An inside low-kick brought Saki’s lead leg upwards and inwards to defend it. But it was a ploy. As Saki reset his foot, Spong immediately let rip with outside low-kick to the same leg, a classic Muay Thai trick designed to catch the defender off guard.
Gif via ZombieProphet
Here is where Saki must be praised, and where talk of freak accidents does him a disservice. Because he didn’t miss a beat - that lead leg came up in textbook fashion, rotated outwards and actually came forward a little to meet Spong’s shin with as much force as possible. Spong’s shin lost.
Whether Saki’s defense was based on reflexes or whether he read Spong’s intentions we don’t know, but it was a superb piece of defense which he should be getting a lot of credit for. Most fighters would have ended up eating that second Spong kick full force.
Jose ‘Pele’ Landi-Jons vs. Bryan Gassaway, TKO 32, February 2008
Throwing hard leg-kicks with no setup is the equivalent of winding your right arm in a big circle before throwing an overhand. It is something you could get away with only against the most terrified and/or inept of opponents.
For some reason Jose-Pele, a vastly experienced Vale Tudo legend and also 2-0 against Anderson Silva under Muay Thai rules, felt he could get away with it in this fight. His early efforts landed, but Gassaway was just getting his timing.
Landi-Jons’ final effort was to be his last. He threw a hard kick, met a wall of bone and snapped his shin clean through before collapsing to the mat in agony. He made a full recovery and returned to fighting but still, his tactics in this fight were incomprehensible given the depth of his experience.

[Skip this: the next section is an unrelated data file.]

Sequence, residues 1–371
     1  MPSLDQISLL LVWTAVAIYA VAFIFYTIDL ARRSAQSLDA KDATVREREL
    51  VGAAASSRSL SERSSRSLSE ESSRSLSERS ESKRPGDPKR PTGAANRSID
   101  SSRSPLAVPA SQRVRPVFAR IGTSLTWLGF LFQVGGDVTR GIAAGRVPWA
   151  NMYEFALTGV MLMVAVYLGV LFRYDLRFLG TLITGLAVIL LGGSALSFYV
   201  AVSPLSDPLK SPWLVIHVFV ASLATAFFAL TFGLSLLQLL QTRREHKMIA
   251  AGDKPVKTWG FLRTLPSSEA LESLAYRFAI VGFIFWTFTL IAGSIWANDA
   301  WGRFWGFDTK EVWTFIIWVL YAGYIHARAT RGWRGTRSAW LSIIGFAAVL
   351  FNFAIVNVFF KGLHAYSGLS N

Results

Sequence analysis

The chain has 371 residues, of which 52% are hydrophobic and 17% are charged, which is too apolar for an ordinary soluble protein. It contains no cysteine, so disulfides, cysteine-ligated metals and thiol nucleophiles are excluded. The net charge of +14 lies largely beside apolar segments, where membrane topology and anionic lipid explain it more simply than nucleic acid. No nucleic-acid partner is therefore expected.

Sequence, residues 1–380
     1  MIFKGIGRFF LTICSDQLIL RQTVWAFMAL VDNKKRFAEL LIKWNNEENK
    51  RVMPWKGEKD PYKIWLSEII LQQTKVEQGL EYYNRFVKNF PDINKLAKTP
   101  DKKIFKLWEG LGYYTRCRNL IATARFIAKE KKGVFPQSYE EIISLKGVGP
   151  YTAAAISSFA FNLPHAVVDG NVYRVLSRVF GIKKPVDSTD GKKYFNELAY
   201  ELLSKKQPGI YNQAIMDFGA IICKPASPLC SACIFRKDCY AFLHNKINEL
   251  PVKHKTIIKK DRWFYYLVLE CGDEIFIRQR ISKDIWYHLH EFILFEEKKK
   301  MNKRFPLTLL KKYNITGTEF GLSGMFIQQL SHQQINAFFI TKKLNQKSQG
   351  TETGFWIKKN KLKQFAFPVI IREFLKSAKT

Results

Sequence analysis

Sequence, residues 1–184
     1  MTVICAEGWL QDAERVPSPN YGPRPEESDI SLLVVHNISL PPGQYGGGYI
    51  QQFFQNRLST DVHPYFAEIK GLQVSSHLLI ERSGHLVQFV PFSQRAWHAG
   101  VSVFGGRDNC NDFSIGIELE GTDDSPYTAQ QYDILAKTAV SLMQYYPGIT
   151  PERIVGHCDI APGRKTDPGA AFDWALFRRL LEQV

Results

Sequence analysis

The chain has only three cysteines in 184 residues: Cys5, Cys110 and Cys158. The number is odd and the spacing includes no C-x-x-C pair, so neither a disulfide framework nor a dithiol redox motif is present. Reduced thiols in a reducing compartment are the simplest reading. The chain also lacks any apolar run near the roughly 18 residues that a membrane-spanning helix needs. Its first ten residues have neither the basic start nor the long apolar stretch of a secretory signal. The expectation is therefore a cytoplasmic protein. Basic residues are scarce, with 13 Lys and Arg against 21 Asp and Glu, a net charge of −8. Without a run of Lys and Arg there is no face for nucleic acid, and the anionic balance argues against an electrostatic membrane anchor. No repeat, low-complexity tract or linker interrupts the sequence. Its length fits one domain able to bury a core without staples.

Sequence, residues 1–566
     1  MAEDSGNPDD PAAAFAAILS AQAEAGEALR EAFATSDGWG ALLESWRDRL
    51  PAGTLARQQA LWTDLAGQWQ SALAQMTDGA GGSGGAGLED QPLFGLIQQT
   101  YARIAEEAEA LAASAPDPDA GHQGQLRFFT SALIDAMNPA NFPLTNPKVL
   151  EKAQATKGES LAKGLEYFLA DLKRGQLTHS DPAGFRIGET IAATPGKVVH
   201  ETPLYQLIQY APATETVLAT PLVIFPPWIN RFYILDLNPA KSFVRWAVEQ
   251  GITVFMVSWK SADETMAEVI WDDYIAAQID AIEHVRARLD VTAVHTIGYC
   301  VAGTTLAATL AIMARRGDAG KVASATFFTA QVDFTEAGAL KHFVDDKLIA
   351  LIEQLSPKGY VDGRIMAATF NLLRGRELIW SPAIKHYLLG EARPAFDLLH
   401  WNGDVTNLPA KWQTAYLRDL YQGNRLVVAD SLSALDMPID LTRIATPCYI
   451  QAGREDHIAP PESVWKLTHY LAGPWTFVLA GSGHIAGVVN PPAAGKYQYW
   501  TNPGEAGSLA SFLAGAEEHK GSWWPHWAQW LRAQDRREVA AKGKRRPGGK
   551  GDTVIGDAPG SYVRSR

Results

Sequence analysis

(Note: Landi-Jons has gone 5-1 since the injury with all five wins inside the distance. He must surely be one of the hardest men in the world.)
Corey Hill vs. Dale Hartt, UFC Fight For The Troops, December 2008
Another example from the UFC, this time from its lightweight division and two fighters a lot less famous than Anderson and Weidman .
After Hill’s leg snapped round Hartt’s there was a lot of talk about his height (6’4") and bone-structure playing into it. That may be true to an extent; long thin bones will snap easier than short thick ones. But if your kick is timed or set up correctly then you won’t be ploughing it into an immovable object in the first place.
Gif via www.chicagonow.com
A kick is - or should be - a full-body movement which throws the entire weight of the attacker into a damaging blow. It can be high reward but also high risk; the large degree of movement involved means it is easy to read and the opponent can move, counter or block.
So he really needs to be distracted before the kick comes in. That is why the typical Dutch Kickboxing combination will begin with hands and end on a kick while the opponent is still thinking about punches.
Gustavo Franca vs. Magno Alexandre, WOCS 24, March 2013
Our final example comes from Brazil, where Team Belfort fighter Gustavo Franca met Magno Alexandre of Nova Uniao in a March 2013 fight for regional promotion WOCS.
Three minutes into the match, Franca went for a low kick to Alexandre’s lead leg. There was no set-up (seeing the pattern here?) and Alexandre’s shin went through Franca’s like a knife through butter.
Alexandre’s reaction was similar to Gokhan Saki’s at the weekend. Rather than celebrating, he comforted Franca then wandered round the ring looking shocked and concerned.
Franca has not fought since while Alexandre has gone 0-2, both quick stoppages in the first round. Has the outcome of the Franca fight spoiled his focus for good?